Pelosi surpasses four hours in immigration speech on House floor
ABC News(WASHINGTON) — Minority Leader Nancy Pelosi took to the floor Wednesday morning to address the emerging bipartisan federal spending deal in the Senate, pointing to several “Democrat priorities” included in the deal but drawing the line over the lack of a solution for so-called Dreamers whose status under the Deferred Action for Childhood Arrivals policy (DACA) is in jeopardy after March 5.
Pelosi announced she and a “large number” of House Democrats will oppose any deal unless Speaker Paul Ryan commits to a future open immigration debate, complaining House Democrats are second-class members of Congress without a commitment from Ryan.
As minority leader, Pelosi exercised her power to speak uninterrupted on the House floor for more than four hours – a speech that continued late Wednesday morning and focused almost entirely on Dreamers. She read letters from Dreamers to members of Congress describing how the DACA policy helped them pursue their education or apply for jobs. Pelosi said she wanted their stories to be part of the Congressional record.
“We want to be sure that the public record of the Congress of the United States forever more will reflect the stories of their great contribution to America in the hopes that those stories will move the Speaker of the House to give us a vote,” Pelosi said.
One of the letters Pelosi read was from Gladys Klamka from Phillipsburg, N.J. Klamka said her parents brought her to the United States from Mexico when she was two years old and that they would have put her up for adoption if they stayed in Mexico. When she was four years old, she wrote, she was sexually molested by a 16-year-old boy but her parents didn’t report it because they were afraid of being deported. She applied for DACA status in 2012 and said she now works in health care.
“After election day I wondered if this dream would soon end, it’s been a hard reality check that privileges could be taken away,” Pelosi read from Klamka’s letter.
Pelosi read another letter from Jirayut New Latthivongskorn who said his parents brought him to the U.S. from Thailand when he was nine years old. Pelosi said he worked 30 hours a week at his family’s restaurant while he was in high school and still graduated with a 4.3 grade point average. He went to the University of California – Berkeley but had to deny a scholarship that would have covered most of his tuition because of his immigration status.
The DACA program was established in 2012 just a month after Latthivongskorn graduated from college with degrees in molecular and cellular biology, Pelosi said. In 2014 he began medical school at the University of California San Francisco where he volunteers at a homeless clinic and started a network for Dreamers pursuing jobs in health care. He was the school’s first undocumented student and was included in Forbes magazine’s 2017 “30 Under 30” list, according to the UCSF website.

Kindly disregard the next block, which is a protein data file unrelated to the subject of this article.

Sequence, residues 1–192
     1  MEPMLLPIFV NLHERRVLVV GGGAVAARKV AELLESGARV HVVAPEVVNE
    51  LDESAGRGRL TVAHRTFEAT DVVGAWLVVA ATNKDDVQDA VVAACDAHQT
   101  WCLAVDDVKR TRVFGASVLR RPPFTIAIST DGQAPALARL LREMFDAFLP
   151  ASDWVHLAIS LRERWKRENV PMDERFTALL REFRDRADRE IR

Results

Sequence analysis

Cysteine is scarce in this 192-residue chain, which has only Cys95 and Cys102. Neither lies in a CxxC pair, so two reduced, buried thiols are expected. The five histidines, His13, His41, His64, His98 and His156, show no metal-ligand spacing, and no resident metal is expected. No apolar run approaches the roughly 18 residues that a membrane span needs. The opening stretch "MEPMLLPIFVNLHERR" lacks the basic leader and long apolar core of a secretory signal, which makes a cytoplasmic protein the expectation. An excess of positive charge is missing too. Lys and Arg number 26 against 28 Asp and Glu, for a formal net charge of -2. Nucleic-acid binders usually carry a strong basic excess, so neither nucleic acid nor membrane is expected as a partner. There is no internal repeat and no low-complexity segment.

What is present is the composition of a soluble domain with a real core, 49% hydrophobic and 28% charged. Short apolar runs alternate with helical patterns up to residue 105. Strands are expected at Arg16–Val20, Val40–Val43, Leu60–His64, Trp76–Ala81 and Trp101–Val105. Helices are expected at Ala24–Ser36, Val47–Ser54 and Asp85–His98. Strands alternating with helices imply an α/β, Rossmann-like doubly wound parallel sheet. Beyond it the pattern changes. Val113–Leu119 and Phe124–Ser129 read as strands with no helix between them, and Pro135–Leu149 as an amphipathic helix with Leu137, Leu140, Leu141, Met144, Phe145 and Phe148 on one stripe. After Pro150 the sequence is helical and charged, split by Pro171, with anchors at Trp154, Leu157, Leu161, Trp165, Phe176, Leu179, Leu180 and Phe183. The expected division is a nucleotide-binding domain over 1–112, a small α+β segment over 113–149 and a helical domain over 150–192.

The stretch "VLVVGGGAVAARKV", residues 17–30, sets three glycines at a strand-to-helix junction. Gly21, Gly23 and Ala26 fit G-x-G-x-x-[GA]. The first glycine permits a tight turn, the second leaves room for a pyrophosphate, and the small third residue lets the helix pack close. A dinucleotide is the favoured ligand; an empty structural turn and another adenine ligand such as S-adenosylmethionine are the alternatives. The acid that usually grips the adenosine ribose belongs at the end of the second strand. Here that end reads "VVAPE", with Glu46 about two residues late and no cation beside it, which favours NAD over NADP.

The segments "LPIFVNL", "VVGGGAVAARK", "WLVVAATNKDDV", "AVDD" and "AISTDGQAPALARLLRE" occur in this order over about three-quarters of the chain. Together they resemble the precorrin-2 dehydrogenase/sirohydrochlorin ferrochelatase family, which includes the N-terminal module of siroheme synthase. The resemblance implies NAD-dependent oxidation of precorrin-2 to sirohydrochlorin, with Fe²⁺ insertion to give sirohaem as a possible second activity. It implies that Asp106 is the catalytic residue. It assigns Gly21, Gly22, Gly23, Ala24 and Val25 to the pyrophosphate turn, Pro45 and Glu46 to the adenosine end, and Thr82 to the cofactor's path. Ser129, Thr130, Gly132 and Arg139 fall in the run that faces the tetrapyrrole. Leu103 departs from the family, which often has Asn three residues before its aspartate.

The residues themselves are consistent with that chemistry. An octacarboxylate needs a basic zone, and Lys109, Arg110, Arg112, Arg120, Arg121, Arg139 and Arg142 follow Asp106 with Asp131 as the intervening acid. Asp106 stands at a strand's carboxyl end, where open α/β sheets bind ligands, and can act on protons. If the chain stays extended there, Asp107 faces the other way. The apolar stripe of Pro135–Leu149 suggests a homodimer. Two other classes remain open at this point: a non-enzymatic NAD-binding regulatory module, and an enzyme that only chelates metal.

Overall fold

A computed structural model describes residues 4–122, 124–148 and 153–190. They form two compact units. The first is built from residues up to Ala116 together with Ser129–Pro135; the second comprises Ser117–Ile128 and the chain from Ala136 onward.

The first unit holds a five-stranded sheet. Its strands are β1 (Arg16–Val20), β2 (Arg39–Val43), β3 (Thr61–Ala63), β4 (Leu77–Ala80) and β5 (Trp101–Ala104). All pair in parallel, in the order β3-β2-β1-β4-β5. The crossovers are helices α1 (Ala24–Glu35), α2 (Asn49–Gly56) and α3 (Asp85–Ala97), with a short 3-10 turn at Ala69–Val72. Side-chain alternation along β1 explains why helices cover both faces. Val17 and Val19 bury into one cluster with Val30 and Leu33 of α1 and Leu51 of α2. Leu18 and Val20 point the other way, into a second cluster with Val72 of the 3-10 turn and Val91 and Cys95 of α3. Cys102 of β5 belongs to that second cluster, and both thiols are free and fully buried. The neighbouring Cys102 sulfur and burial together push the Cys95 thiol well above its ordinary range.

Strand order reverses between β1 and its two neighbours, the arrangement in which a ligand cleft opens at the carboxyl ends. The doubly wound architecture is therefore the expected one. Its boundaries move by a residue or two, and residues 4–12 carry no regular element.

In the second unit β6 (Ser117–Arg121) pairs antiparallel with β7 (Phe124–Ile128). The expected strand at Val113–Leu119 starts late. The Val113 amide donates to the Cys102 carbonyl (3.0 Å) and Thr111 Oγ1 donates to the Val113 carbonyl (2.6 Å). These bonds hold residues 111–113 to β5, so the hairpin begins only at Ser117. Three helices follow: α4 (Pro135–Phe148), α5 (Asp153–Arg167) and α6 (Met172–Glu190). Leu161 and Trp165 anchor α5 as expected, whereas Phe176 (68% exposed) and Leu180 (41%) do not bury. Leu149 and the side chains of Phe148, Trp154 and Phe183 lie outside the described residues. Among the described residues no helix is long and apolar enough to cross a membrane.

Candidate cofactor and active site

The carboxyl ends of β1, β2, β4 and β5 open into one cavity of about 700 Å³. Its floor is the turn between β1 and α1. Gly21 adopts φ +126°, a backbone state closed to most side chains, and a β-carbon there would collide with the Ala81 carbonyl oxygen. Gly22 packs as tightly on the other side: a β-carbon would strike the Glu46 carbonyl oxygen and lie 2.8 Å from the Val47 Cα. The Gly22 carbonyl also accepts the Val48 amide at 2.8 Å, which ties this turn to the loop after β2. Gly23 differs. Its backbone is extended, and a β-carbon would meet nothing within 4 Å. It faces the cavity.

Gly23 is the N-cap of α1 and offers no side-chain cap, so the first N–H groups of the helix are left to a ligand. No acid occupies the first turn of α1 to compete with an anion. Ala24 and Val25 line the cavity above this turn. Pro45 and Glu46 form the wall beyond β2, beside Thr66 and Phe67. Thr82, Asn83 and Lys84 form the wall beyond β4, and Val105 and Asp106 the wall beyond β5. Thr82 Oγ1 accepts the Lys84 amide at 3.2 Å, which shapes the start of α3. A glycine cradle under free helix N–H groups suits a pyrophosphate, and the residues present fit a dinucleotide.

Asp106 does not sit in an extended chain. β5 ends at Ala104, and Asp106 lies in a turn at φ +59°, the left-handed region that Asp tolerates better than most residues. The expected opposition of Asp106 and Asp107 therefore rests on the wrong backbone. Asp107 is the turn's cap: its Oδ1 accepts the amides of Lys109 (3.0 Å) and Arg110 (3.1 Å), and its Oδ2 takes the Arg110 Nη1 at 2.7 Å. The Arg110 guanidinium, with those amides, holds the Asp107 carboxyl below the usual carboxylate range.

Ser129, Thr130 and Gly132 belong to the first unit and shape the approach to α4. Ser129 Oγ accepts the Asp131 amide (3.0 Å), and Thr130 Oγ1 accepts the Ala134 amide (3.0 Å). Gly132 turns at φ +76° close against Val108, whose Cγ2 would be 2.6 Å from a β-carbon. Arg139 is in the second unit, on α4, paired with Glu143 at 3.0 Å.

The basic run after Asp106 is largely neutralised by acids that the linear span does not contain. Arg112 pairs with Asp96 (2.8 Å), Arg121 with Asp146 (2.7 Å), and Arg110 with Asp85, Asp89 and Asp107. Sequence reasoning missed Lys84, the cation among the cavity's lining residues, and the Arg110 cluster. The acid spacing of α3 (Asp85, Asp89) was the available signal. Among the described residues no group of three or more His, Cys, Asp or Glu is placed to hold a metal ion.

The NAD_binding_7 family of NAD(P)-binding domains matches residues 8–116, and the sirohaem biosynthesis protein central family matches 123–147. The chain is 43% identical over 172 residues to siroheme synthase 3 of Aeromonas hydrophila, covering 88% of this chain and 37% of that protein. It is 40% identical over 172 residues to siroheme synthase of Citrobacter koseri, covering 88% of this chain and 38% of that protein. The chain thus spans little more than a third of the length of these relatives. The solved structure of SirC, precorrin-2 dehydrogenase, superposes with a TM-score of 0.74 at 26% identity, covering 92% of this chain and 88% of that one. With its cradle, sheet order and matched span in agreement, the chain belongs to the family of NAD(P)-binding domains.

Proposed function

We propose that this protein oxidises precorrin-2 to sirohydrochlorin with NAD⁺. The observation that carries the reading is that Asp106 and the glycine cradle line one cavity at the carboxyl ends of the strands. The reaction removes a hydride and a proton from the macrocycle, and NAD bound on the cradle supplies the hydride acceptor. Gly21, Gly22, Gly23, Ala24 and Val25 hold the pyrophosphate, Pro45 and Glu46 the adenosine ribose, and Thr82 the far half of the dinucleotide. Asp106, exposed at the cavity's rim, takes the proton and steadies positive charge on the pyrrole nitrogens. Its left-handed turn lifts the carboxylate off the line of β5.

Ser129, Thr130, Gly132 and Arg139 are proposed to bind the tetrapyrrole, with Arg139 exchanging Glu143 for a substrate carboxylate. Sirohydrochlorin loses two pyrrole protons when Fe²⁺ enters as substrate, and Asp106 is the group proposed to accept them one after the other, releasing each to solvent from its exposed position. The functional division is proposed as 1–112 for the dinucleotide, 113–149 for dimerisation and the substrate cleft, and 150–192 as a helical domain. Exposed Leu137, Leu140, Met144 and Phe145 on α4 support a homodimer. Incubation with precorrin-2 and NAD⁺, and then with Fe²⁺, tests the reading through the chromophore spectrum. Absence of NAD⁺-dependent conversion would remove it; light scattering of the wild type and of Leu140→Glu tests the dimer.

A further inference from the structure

“Will America be a stronger country if we deport him and others like him? Will we be a better country if we tear apart American families? Of course not, we all agree on that,” Pelosi said.
Pelosi said she expects a sweeping budget deal to be unveiled today, boasting that Democrats secured “hundreds of billions” of dollars for their legislative priorities by extracting a dollar-for-dollar deal on defense and non-defense spending.
But she demanded Ryan match Senate Minority Leader Mitch McConnell’s commitment to the Senate to open the upper chamber for free and clear debate on immigration.
“So why can’t we have some sort of commitment on this side?” Pelosi asked Wednesday.
Ryan’s spokeswoman AshLee Strong said the speaker does intend to address immigration reform.
“Speaker Ryan has already repeatedly stated we intend to do a DACA and immigration reform bill – one that the president supports,” Strong said in a statement.
Pelosi pointed to a bipartisan bill by Reps. Will Hurd, R-Texas, and Pete Aguilar, D-Calif., and said Ryan should start with that bill, “and any other bills he believes should be considered” through the Queen of the Hill process, where the measure with most votes becomes the prevailing bill to reconcile with what whatever immigration solution the Senate settles upon.
“Why should we be treated in such a humiliating way when the Republican Senate leader has given that opportunity in a bipartisan way to his membership?” Pelosi said. “Without that commitment from Speaker Ryan, this package does not have my support nor does it have the support of a large number of members of our caucus.”
“What are you afraid of?” Pelosi said, addressing Ryan. “Give us a vote. Let the House work its will.”
After her speech, the House is expected to recess subject to the call of the chair while lawmakers wait for the Senate to act on the continuing resolution. No votes are expected this morning in the House of Representatives, but the GOP leadership has advised that a vote series should be expected later today.
The Senate is expected to unveil a package that would raise caps on military and domestic spending, increase the debt limit, provide additional funding for disaster relief and fund community health centers. A Senate vote on the measure could occur as soon as Wednesday, though leaders have not yet scheduled any floor activity.
House Democrats changed plans for their scheduled retreat in Cambridge, Md. this week to stay in D.C. and be on hand for the debate.
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